effortlessly perfect











{August 27, 2012}   Buckets of tears

A couple years ago, a friend of mine said that she remembers thinking that she’d never stop crying when her father died. That she would just sit on her bed with a box of tissues and cry forever. Although my situation is different and thankfully doesn’t include a death, I am beginning to feel at least a little bit like my friend did with the never-ending tears.

It’s like a flood gate opened. And I can’t get it closed. It’s as if all of the thoughts and feelings that I have held inside all of these years are now pouring out of me. I’m sad, angry, disappointed, hurt, relieved… a balled into one overflowing bucket of tears.

This is exactly what I was trying to avoid. It hurts. And I’m ready for it to stop.

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Nataly says:

I cannot guarantee it will “stop”…but I can say it will become easier to tolerate! πŸ™‚ The feeling, once it starts, doesn’t go away. But they reduce in intensity as you learn to sit with them, safe in the knowledge (gained through experience) that feeling by itself won’t kill you. Hurt, yes. But. By learning to identify each individual feeling and the causation behind them is powerful. It allows you to express your true self and to stop denying your own needs, leading to better self-care. All of this is a good thing. The feelings won’t stop, but you can learn to make use of them, to empower you and to make life better. *That* can happen πŸ™‚ even if the feelings don’t stop. Try not to avoid them, because this only prolongs them! Thinking of you. xo.



Thank you for the post! It was great information and something I have thought a lot about. I am pretty crappy at just sitting in my feelings right now. It’s amazing to me how painful I can make something for myself… even something that wouldn’t have bothered me in the past. It’s hard for me to figure out what my true needs really are, since I feel so crazy right now… overly emotional and dramatic. I just want to get back in bed and go to sleep to avoid feeling anything. I am trying to just take things one day at a time, which is all I can do I guess. Thanks for the encouragement and support. I appreciate it.



Nataly says:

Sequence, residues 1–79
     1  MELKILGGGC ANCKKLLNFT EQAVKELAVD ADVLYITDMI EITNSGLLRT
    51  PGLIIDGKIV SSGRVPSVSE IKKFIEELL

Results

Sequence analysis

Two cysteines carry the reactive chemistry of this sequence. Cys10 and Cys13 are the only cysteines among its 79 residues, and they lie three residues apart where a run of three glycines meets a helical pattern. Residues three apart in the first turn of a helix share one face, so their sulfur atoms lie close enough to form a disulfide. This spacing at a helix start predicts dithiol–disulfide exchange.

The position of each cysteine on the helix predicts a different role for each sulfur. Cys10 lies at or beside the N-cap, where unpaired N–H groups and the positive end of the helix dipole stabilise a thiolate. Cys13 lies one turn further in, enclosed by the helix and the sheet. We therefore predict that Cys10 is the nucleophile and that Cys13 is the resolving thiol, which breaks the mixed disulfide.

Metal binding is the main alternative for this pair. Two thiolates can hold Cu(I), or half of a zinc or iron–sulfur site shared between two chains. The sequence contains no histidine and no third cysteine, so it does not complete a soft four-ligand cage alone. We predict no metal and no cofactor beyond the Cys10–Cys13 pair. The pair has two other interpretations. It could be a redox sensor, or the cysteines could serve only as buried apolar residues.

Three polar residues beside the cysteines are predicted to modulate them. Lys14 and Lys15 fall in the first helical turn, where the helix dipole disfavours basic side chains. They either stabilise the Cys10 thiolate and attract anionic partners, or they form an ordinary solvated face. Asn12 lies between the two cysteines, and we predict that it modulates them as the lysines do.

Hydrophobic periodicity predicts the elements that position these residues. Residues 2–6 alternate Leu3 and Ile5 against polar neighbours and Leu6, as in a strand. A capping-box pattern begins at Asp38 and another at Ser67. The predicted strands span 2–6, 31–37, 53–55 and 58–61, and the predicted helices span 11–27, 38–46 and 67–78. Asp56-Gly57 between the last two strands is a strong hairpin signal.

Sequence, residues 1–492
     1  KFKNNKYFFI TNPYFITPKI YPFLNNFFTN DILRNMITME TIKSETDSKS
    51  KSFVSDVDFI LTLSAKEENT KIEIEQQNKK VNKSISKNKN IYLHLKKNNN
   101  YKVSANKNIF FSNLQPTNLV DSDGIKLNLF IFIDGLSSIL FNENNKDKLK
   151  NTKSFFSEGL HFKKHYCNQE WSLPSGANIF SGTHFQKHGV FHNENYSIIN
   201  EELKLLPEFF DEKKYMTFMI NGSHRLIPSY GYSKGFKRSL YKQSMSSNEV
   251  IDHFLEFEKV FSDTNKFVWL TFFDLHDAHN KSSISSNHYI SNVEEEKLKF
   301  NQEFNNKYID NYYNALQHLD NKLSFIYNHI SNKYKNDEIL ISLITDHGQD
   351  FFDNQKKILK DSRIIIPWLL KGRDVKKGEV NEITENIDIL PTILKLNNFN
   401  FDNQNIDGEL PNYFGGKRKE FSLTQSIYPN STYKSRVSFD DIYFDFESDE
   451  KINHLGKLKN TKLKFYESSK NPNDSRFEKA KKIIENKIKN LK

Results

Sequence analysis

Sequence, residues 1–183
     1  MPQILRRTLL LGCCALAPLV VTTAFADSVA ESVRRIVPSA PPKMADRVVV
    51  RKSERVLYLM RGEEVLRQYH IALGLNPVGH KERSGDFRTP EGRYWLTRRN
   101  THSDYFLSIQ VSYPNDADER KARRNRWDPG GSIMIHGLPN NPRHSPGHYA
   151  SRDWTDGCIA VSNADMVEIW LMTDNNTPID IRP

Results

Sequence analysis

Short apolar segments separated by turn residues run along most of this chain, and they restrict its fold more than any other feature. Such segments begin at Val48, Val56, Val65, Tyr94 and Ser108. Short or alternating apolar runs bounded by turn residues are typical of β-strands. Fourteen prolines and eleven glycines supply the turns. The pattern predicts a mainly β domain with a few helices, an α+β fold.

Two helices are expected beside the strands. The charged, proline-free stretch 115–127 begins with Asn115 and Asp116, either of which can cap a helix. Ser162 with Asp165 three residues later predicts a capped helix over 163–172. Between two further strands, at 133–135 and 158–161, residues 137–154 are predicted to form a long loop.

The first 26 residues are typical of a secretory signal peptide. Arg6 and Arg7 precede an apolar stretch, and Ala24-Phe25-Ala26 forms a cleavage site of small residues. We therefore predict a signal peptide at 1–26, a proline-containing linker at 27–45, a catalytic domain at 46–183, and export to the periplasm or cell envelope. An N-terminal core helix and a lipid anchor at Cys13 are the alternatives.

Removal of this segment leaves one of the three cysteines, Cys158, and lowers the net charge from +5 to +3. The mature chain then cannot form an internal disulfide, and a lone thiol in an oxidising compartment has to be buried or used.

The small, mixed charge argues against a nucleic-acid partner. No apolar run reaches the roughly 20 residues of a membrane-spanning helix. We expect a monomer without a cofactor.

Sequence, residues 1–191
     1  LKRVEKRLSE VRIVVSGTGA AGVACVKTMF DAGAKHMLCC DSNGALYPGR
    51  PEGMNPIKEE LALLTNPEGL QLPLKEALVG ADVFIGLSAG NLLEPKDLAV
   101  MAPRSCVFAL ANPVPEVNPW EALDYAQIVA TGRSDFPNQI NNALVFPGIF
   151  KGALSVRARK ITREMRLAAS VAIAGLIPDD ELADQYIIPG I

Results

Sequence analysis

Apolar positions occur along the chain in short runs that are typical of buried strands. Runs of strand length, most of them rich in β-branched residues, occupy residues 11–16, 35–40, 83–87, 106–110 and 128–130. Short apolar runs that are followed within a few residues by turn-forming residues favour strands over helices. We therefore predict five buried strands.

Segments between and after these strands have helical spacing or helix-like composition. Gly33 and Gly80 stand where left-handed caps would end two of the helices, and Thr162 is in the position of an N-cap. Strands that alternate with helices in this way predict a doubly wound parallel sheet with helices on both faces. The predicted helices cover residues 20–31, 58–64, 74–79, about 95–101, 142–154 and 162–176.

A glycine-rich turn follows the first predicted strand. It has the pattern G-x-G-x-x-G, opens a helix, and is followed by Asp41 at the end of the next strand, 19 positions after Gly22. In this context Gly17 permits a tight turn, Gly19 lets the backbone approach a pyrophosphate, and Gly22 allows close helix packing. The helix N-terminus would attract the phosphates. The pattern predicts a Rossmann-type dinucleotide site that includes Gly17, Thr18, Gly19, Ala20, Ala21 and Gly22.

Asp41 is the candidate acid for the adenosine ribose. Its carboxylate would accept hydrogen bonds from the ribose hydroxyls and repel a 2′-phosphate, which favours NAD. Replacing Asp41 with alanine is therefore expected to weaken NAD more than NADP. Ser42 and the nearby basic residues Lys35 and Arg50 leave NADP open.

I think that sometimes we swing from one end of the emotional spectrum (i.e. not having ANY) to the other…feeling too much, thinking too much, crying too much. This, also, is not “natural”. The longer we stick with it…the more we are likely to balance out to somewhere in the middle. I don’t think that being *this* emotional is your normal state but it’s where you are now because you’ve held everything in for so long. It’s going to take a while to untangle them all and work out which feeling applies to what situation…and once you do, the intensity diminishes. As you start to understand your emotions and the purpose they serve, it becomes easier to “feel” them and to make sense of what they are subtly telling us. It is a good thing. Even when it doesn’t feel that way. Keep taking it one day at a time…it’s all we can do. It’s not as if we can take it two days at a time πŸ˜‰ Thinking of you. xo.



I could not cry when I had my eating disorder. But I sure could once healing began and then they leveled off so that I welcome them now; because, for me, it is a good thing. Here’s hoping that tears can one day be a good thing for you too. I don’t know if this makes sense but it was my own personal reality? Maybe this floodgate of tears is a good sign?
~ Wendy



When I was in the depths of my eating disorder I couldn’t cry either. It’s as if I had no emotions… I loved it! I felt as if I could take on the world. A sick sense of strength I guess. But now I’m a crying, weak mess. Have no energy, constantly crying or emotional, needy. I hate it. If this is my true personality I don’t want it! I can probably step back from this stuff momentarily and see how the emotions aren’t entirely bad, but I really need the floodgate to close at least a little. It’s making life pretty hard to live right now.



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